The Telegraph has posted an interesting Sunday interview with two bankers, Roger Jenkins and Huw Jenkins… the duo (ex-UBS and Barclays) is now employed by Brazilian investment bank BTG Pactual and can not stop praising the “miracle” economy of Brazil. In other words, they are “milking it” in Brazil … from their offices in Malibu and London. (What? no traffic, no crime, no polution? Aahh, that’s easy…). Highlights of the full interview below (our comments in bold)…

Background
Roger, ex- Barclays, was reputed to be making upwards of £75m a year heading the bank’s tax-planning business, while Huw had just been made chief executive of Swiss bank UBS’s global investment bank (before he was fired after billions in losses).
 
Now
Six years later and they are sitting in the Mayfair offices of their new employer, a Brazilian merchant bank called BTG Pactual (previously owned by UBS). Both men are looking tanned and fit (after all, that’s why any foreigner banker would go to Brazil: to “milk it” and “samba” like there is no tomorrow). Malibu-based Roger has just stepped off the plane from Brazil, while Huw, who is in charge of the London operations of BTG, makes several trips to the country each year to discuss business with the firm’s other partners. 
Fails of the past

Neither seems particularly upset with the way things have turned out for them in the past. Roger left Barclays in 2009 having overseen a series of multi-billion pound capital injections by Gulf sovereign wealth funds. then he tried setting up Elkestone Capital just to close it a few months later. Huw’s exit from UBS, though rather less heroic – he stepped down as chief executive in September 2007 as the scale of the bank’s losses became clear and left about a year later – was none the less far from acrimonious.

How great is Brazil?
“The prices in São Paolo are twice those on Bond Street!” says Roger. “I remember as a young banker thinking I’ve got to New York, why would I ever want to go to Latin America,” he says.
“Brazil is a miracle that has taken 20 years. Under the stewardship of the FHC government you got macro-economic stability, and really what Lula did was demonstrate that the left wing was as interested in growth as the right wing, and that created political stability.” (sure, Lula helped him bailout and pocket Banco Panamericano for peanuts)

Easy to invest… really?
“It’s much easier to invest in Brazil at the moment than Italy or Spain,” says Huw. Roger seconds this. “Much more,” he says. “We’re not looking in the rearview mirror.”

Brazilian version of Goldman Sachs
This kind of big money backing has seen BTG develop a corporate culture that would not be out of place at Wall Street and London-based rivals. “The conversations going on here are not all that different to those going on at KKR [the US private equity firm] and Goldman Sachs,” says Huw.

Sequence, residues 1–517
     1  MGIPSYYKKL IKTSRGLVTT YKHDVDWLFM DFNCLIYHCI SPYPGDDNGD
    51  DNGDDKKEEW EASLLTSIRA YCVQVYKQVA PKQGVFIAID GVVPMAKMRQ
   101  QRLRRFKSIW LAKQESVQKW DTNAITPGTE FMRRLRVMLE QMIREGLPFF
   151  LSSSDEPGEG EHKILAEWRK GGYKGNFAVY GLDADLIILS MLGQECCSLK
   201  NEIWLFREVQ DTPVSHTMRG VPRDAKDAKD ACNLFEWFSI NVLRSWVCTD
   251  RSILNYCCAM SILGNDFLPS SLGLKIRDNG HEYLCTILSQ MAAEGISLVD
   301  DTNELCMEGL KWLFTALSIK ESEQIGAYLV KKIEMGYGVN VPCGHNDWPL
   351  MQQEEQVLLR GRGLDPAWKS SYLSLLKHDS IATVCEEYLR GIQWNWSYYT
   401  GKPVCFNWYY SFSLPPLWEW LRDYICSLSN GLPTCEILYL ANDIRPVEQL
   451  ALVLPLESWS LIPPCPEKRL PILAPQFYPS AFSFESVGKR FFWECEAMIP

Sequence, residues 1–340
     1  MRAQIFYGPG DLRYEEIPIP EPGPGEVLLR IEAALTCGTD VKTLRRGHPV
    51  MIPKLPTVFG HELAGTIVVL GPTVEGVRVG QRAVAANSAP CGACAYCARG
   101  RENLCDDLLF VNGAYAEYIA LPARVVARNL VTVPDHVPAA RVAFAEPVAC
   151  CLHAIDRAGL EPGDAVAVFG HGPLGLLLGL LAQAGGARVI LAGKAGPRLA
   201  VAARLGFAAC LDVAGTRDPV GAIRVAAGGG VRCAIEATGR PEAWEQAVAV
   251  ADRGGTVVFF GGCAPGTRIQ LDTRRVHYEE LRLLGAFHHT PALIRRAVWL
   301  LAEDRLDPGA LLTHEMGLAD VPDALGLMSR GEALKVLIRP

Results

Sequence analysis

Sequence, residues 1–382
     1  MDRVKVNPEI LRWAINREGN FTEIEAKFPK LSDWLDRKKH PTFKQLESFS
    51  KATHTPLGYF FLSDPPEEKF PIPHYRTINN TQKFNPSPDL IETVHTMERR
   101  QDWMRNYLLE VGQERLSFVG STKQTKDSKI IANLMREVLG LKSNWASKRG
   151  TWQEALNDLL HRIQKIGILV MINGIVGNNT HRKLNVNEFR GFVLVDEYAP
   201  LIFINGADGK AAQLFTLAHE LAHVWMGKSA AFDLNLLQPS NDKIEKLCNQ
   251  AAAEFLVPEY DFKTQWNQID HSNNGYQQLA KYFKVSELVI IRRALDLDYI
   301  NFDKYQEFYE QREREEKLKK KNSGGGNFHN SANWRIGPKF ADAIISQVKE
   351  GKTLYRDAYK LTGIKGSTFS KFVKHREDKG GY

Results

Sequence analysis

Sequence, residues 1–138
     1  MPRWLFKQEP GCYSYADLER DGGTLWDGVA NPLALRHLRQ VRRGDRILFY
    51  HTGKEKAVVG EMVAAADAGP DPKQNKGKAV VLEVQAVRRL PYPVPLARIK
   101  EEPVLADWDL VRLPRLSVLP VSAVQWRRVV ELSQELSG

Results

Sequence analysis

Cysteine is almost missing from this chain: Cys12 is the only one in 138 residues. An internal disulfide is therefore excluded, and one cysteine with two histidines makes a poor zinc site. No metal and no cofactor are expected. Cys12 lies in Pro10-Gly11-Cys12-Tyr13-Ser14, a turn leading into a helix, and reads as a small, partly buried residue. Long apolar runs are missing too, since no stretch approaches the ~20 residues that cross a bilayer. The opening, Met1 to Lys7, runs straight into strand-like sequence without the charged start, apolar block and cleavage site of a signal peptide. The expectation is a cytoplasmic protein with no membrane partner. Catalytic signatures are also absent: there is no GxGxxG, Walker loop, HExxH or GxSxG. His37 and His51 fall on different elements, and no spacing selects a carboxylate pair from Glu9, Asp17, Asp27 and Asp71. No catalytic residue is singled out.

Investing in Brazil to forget about the Western woes…

BTG’s working language – from its financial statements to its board meetings – is English.
Not that either of the men misses working for one of the global mega-banks. Roger goes first. “I spent a lot of time thinking about this. I was at the sharp end of going through that 2007 to 2009 period, which was, for anyone who went through it in the trenches, a very brutal time at all sort of levels – personal, emotional, financial, it was a brutal time. I am sure you just need to pick up the front page of any newspaper today [to see] that the banking community in the Western world are still on the back foot explaining their model. We don’t spend any time thinking about that.” Huw carries on: “You sit here [London], or in New York and look at Occupy Wall Street or the thing outside St Pauls, and you recognise that outside the banks there is a lot of resentment. You go to Brazil and we’re able to introduce Kirin [Japanese brewer] to Schincariol [Brazil’s second-largest brewer] to buy that business or take BR Pharma public and raise capital in the market, and bring international investors to invest in an IPO. “I’m not a great distressed [asset] kind of guy. I’m not going into a Western economy and saying I can buy that for 20 cents on the dollar. I’m a growth guy (with a taste for “samba” and “caipirinhas” and “beautiful women”). I’m not a bargain hunter.” 

They simply love us!

“Everybody celebrates us. The government likes it, the business sector likes it, the individuals in the companies that get share options like it. It’s a joyous thing. It’s just a completely different stage in the cycle.”
“They need us,” says Roger jokingly to Huw.
“Roger is clearly right,” replies Huw to more laughter.

But let’s be careful…
Seeing how the cycle has turned in Western markets has made Roger cautious not to get carried away with the Brazilian economic boom.
“Remember in the Eighties everyone thought America would become the farm of the world and Japan would become the leader of the world. It didn’t transpire. You have to be very careful about extrapolating trends. We spend a lot of time thinking about risk at the firm, as consumer debt in Brazil inevitably increases you have to be careful to maintain your underwriting standards as we have seen what happens when markets get carried away.
“You need to be wary of the government and regulators that the legacy of the decade we have just seen is not lost. There are a lot of lessons for bank managements,” he says.


Easy, Nancy, easy…

“Brazil is a terrific, young, growing economy and if you could start afresh today and you were a young banker you would go there. You wouldn’t go anywhere else.”

Milk it, baby, milk it…

Source: The Telegraph

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